Now in its fourteenth season, Destiny 2 has come a long way from its rocky beginnings. The mystical space loot shooter has gone free-to-play, brought back old content from the original Destiny, and shelved much of its own world since it launched back in 2017. As we come up on Destiny 2‘s five year, let’s take a look back at the game’s ups and downs and determine once and for all what the best season of Destiny 2 is.
14. Curse of Osiris
The Infinite Forest isn’t just a cute name — the first add-on to Destiny 2 saw players running through what felt like the same map over and over to help out chronic fuckup Osiris and his Ghost pal Sagira. Lots of busywork to acquire subpar gear, a dull quest vendor in Brother Vance, and so-so Raid lair Eater of Worlds made Curse of Osiris a disappointing first step for Destiny 2‘s post-release content and plunged the game into a state of disrepute it wouldn’t fully recover from until the expansion Forsaken.
13. Red War
Technically not even really a season, Red War is the state in which Destiny 2 launched. By all accounts a feature-deprived release that was further hurt by the loss of weapons and content from Destiny, Red War was kind of a mess. It’s ranked above Osiris simply because Osiris was just that bad.
Introducing beloved character Ana Bray and bringing her buddy Rasputin the titular Warmind into focus, this season/expansion brought Guardians back to Mars to deal with the threat of the Hive God Xol. Escalation Protocol, the introduction of PVP ranking systems, a bunch of neat gear, and a decent plot all made a lasting impact on Destiny 2, even if Spire of Stars was the weakest piece of Raid content in the game.
The lowest point in Destiny 2 since the game’s first year, Season of the Worthy featured repetitive activities with confusing goals (throwing orbs into other orbs?) and a narrative about the remnants of the Red Legion trying to crash the Almighty into the Tower that not only didn’t make much sense, but ended with a truly uninspiring live event. It wasn’t all bad, as we got the introduction of Warmind Cells, some fun Exotic armor pieces in Citan’s Ramparts and Felwinter’s Helm, and the PVP all-star Felwinter’s Lie along with the return of Trials if you’re into that kind of thing, but Worthy was overall a big letdown after Season of the Dawn. Let’s not even talk about the bounty-a-thon that was the first Guardian Games.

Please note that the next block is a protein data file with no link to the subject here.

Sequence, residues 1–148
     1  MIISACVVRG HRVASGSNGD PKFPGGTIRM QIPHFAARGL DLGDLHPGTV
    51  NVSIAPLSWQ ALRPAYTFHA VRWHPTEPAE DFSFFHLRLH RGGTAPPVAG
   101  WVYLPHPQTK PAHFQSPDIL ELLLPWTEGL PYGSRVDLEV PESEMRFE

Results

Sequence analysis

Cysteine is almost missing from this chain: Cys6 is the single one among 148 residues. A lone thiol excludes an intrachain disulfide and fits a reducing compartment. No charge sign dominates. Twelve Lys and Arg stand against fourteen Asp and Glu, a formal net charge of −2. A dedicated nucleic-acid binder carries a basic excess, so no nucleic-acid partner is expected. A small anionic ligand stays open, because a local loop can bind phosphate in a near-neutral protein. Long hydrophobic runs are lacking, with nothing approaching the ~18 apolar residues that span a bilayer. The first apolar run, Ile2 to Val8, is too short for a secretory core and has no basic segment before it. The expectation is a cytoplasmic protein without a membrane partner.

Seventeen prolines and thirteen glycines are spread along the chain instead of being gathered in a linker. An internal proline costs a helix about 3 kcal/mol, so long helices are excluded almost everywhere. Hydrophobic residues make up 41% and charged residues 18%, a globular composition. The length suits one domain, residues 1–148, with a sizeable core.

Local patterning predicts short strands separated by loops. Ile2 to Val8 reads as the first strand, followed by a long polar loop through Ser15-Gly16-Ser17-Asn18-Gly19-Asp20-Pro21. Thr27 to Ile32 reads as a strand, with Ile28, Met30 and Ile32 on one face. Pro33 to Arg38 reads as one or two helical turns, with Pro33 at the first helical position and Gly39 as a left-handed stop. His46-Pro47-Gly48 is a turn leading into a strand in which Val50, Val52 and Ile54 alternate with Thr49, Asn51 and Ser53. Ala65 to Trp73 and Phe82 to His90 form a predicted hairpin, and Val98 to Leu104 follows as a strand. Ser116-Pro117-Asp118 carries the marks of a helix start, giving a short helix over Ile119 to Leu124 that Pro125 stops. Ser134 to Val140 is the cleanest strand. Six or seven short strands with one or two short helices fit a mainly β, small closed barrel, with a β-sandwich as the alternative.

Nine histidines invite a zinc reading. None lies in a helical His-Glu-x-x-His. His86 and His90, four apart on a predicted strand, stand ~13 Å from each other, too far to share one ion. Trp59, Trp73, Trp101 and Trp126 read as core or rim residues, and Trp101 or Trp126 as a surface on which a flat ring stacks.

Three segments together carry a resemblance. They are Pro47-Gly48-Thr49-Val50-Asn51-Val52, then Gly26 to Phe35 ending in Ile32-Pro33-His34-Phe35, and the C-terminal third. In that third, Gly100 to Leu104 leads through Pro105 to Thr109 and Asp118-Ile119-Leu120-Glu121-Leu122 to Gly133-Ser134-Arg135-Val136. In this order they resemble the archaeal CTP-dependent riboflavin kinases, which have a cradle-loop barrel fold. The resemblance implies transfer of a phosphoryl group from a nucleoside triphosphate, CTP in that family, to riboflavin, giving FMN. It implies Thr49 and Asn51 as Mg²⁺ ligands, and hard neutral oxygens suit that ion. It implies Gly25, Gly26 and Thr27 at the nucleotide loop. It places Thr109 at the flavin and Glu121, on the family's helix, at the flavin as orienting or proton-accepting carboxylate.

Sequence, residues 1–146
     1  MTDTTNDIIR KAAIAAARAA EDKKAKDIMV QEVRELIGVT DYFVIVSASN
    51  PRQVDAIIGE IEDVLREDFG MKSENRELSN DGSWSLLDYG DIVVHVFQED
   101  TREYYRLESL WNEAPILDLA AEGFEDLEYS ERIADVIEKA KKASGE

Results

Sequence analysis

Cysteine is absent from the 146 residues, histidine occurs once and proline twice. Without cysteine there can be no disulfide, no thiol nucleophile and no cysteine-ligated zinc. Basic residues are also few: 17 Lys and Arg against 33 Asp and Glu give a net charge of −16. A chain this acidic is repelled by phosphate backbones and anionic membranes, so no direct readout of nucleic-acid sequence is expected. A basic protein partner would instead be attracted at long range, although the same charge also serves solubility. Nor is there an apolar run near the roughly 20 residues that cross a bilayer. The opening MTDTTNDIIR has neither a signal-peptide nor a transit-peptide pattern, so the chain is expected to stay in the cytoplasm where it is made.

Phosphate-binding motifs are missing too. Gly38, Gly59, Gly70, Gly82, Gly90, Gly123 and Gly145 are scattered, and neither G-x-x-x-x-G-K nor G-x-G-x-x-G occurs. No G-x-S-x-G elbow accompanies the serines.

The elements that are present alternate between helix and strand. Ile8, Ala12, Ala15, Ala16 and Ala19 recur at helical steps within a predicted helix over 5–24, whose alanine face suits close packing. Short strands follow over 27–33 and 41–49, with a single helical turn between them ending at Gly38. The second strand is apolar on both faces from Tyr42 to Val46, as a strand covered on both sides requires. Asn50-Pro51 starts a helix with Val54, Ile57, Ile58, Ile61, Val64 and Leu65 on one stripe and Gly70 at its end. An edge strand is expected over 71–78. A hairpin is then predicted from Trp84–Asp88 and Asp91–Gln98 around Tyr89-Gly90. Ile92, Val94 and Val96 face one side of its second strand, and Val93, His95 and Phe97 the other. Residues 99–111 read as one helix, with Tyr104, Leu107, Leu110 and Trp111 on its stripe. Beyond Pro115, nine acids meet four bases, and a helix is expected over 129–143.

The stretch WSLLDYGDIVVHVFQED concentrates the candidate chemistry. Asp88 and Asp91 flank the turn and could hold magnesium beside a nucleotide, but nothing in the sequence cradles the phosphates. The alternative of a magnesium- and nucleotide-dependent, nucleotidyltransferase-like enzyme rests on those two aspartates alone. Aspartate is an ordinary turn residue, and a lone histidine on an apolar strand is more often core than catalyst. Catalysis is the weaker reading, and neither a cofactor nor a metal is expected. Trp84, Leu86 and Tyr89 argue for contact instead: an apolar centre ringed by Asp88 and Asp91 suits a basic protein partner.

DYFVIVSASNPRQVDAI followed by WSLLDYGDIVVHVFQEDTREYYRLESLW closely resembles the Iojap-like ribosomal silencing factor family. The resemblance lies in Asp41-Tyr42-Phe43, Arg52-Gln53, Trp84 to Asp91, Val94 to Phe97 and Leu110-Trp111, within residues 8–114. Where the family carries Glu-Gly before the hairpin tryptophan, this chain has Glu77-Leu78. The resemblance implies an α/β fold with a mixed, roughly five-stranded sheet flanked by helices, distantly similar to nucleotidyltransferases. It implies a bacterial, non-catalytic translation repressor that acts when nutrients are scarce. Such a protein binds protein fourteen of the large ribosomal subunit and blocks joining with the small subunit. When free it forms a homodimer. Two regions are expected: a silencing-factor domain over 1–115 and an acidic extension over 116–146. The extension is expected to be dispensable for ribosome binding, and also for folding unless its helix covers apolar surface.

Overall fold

Launching alongside the so-so expansion Shadowkeep, Undying’s Vex-focused content was mostly underwhelming. A bunch of guns whose names I can’t even remember paired with a boring seasonal event and the uneven introduction of Champsions made Undying a bit of a slog. Still, we got a few nice exotics — Eriana’s Vow and Monte Carlo — and a new raid, even if Garden of Salvation isn’t many people’s favorite.
Technically, Season of the Outlaw is just the name for the period of time after the release of Forsaken, so it’s not really possible to talk about it separately from that major expansion. Forsaken was pretty cool though, huh?
Ok, yes, adding Gambit Prime alongside Gambit was a bad idea, and nobody really ever enjoyed Reckoning, a poorly-designed matchmade activity that almost required certain builds to complete it. But Season of the Drifter gave us insight into the background of one of the most interesting characters in Destiny, not to mention the incredible Outbreak Perfected quest, a closer look at the mysterious Nine, and the return of the deadly Thorn.
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The Season of the Hunt’s narrative was far more compelling than that of its sister release Beyond Light, finally picking up the thread of what happened to Uldren Sov that had been dangling since the end of Forsaken. On the negative side, Hunt had a distinct lack of interesting gear and clumsily left some important story beats (e.g. Sagira’s death) to be told in web stories rather than in-game.